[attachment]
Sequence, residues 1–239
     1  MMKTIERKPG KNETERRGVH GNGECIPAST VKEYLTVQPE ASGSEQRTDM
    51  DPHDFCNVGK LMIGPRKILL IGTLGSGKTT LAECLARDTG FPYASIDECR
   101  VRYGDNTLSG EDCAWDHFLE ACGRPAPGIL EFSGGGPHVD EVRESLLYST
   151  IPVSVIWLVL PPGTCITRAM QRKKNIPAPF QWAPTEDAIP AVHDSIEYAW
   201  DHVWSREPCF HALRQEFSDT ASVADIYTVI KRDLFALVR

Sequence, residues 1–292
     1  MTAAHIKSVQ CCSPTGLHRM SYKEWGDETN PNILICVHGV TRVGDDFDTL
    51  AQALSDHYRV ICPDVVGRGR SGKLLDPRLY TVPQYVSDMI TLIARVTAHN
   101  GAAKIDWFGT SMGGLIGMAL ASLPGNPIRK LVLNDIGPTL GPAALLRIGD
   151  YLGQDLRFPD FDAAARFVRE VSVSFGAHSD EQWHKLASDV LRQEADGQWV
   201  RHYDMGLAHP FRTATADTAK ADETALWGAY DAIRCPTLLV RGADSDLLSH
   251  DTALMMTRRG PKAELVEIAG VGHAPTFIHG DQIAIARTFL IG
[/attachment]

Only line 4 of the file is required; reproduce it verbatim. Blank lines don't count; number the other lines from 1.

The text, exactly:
   101  VRYGDNTLSG EDCAWDHFLE ACGRPAPGIL EFSGGGPHVD EVRESLLYST